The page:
It's also a good detail that she can in fact take off the bear suit. That means that Yuna essentially has a choice: she can learn to live with the embarrassment and use the skills the suit gives her, or she can pull herself together, ditch the bear, and live as a denizen of the world, building her power and skills from the ground up. That Yuna opts for the bear in itself says a lot about her; she's much more concerned with taking it easy than having to work at something, and she's not a shut-in because she was bullied or mistreated by others; she's a genuine misanthrope. She'll help people if she needs to, and is much more likely to do so if the people in question aren't jerks (or are children), but left to herself, she'd rather avoid most others and just do her own thing. Since the bear outfit lets her do just that, she's sticking with it.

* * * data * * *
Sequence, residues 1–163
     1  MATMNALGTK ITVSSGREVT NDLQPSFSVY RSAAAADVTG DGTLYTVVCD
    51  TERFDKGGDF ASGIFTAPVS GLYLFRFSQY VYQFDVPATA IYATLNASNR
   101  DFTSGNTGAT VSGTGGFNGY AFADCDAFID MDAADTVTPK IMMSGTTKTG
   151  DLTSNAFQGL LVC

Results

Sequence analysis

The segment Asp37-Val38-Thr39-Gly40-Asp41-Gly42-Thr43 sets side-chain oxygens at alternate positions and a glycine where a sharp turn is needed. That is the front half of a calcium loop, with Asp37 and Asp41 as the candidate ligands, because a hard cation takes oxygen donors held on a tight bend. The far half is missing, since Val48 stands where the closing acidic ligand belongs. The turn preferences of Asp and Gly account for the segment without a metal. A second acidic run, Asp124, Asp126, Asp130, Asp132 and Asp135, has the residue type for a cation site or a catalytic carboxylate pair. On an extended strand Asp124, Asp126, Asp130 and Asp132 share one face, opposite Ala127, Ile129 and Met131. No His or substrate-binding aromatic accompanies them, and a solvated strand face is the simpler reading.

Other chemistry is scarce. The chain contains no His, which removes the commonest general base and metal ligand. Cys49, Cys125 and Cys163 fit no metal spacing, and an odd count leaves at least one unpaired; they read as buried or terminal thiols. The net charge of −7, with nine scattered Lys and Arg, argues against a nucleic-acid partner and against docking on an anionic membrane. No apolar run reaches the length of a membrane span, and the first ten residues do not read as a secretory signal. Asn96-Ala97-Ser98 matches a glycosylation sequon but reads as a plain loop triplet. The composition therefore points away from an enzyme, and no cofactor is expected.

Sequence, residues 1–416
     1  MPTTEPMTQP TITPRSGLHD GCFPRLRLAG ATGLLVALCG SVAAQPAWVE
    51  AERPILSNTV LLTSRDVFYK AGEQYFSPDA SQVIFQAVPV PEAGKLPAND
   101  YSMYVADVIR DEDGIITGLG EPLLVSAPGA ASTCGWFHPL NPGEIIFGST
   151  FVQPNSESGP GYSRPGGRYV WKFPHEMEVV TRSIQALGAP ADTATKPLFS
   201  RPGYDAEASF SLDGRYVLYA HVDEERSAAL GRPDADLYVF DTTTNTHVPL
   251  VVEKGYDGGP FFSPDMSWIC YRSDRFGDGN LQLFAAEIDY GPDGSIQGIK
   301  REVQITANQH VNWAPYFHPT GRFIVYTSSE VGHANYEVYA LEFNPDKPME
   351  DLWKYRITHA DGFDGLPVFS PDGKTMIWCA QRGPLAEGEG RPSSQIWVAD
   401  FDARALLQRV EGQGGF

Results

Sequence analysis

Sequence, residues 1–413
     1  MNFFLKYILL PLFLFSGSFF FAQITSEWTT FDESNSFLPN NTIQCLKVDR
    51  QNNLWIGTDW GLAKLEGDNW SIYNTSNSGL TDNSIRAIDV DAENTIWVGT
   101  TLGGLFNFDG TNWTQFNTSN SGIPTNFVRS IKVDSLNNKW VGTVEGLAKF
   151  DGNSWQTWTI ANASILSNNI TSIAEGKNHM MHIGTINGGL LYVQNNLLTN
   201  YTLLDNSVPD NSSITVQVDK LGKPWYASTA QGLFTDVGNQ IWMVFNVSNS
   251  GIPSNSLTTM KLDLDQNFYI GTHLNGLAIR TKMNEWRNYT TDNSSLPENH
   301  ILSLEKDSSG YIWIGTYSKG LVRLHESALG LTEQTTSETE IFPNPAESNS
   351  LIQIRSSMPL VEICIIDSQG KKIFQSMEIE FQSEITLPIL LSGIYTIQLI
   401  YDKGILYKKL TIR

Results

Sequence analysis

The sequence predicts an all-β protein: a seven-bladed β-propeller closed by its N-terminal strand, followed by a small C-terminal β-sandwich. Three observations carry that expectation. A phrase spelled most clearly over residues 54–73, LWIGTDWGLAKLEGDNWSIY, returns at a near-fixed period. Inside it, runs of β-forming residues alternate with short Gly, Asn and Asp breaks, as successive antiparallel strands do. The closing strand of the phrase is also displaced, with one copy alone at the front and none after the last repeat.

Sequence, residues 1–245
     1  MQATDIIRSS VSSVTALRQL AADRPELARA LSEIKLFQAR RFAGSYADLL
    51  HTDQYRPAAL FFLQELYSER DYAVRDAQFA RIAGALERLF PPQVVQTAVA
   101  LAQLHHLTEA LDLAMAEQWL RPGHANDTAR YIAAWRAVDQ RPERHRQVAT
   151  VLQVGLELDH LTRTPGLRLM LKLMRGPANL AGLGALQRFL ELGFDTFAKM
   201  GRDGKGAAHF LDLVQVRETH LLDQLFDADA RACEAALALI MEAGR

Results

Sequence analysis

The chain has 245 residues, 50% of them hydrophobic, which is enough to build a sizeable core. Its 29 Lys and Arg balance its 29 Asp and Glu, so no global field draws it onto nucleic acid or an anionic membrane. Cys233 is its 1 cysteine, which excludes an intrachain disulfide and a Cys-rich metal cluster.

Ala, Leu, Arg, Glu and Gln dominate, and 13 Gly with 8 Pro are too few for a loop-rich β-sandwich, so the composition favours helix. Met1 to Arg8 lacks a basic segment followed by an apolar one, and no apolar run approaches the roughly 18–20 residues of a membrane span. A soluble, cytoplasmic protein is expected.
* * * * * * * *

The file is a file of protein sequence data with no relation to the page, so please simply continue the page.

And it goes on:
The only person who really becomes an exception for her in this book is Fina, a little girl she meets soon after arriving. Fina's a ten-year-old trying to support her sick mother and younger sister, mostly by butchering monsters for the Adventurers' Guild, and she's the one individual Yuna actively takes an interest in. Largely this seems to be due to the fact that Fina is younger – the only expectations she has of Yuna are that she's powerful, and since that's true, helping her isn't a chore. It even allows her to move out of an inn and avoid going by the Guild to sell monsters once she sets up her house and a storage area/butchering space, further permitting her to avoid other people. That a ten-year-old girl is an accomplished butcher is also a nice deviation from what we might expect; it's a labor-intensive profession (or it can be, depending on the size of the animal) and one that repels Yuna as someone who only ever saw meat in the grocery store or on a plate. Just as Yuna's decision to stick with the bear gear says a lot about her, Fina being a butcher gives us a good idea of the ways that this fantasy world subverts a few of the genre's gendered tropes, which is in the novel's favor.